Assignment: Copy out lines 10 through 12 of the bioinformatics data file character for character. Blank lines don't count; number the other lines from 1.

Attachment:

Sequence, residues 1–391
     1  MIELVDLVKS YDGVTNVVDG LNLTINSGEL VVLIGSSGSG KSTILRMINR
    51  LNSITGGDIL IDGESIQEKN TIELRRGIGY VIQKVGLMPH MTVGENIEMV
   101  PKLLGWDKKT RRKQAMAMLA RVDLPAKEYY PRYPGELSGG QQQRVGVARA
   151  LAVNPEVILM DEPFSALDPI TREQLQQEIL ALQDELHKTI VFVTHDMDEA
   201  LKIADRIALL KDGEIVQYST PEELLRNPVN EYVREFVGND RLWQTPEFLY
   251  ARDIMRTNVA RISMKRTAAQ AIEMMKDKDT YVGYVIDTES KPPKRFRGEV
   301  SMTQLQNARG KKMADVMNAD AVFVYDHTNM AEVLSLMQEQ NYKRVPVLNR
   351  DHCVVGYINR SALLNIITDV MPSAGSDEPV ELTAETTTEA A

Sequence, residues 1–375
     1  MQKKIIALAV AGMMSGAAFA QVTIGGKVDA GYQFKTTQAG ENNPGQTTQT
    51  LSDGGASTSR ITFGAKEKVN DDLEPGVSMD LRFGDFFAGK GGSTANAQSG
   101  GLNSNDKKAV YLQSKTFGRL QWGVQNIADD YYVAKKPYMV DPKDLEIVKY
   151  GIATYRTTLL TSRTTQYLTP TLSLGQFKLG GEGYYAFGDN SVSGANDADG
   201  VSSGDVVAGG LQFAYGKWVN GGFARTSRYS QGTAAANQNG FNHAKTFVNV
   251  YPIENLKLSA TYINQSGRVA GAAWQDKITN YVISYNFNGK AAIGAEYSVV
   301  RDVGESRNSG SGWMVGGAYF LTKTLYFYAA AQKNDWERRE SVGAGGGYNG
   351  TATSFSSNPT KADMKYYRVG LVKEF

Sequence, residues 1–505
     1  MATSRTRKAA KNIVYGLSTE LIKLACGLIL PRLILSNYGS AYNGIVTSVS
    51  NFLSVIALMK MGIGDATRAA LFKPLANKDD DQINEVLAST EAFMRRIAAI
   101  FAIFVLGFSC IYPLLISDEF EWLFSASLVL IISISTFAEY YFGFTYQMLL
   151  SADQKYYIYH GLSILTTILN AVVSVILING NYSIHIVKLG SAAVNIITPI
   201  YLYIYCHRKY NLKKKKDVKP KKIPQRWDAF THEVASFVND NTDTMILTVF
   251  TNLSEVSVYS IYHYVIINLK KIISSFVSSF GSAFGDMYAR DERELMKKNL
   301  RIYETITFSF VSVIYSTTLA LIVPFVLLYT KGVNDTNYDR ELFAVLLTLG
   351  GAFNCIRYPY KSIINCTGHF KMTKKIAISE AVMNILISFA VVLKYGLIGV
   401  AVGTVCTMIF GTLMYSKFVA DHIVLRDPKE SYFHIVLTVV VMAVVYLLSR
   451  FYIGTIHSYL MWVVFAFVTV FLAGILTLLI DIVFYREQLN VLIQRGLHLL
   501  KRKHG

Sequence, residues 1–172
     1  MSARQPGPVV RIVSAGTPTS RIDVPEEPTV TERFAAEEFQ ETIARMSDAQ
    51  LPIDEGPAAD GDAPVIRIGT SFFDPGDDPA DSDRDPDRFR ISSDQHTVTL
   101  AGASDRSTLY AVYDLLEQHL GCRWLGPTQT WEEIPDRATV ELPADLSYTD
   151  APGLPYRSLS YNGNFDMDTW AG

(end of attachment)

Sequence, residues 1–375
     1  MQKKIIALAV AGMMSGAAFA QVTIGGKVDA GYQFKTTQAG ENNPGQTTQT
    51  LSDGGASTSR ITFGAKEKVN DDLEPGVSMD LRFGDFFAGK GGSTANAQSG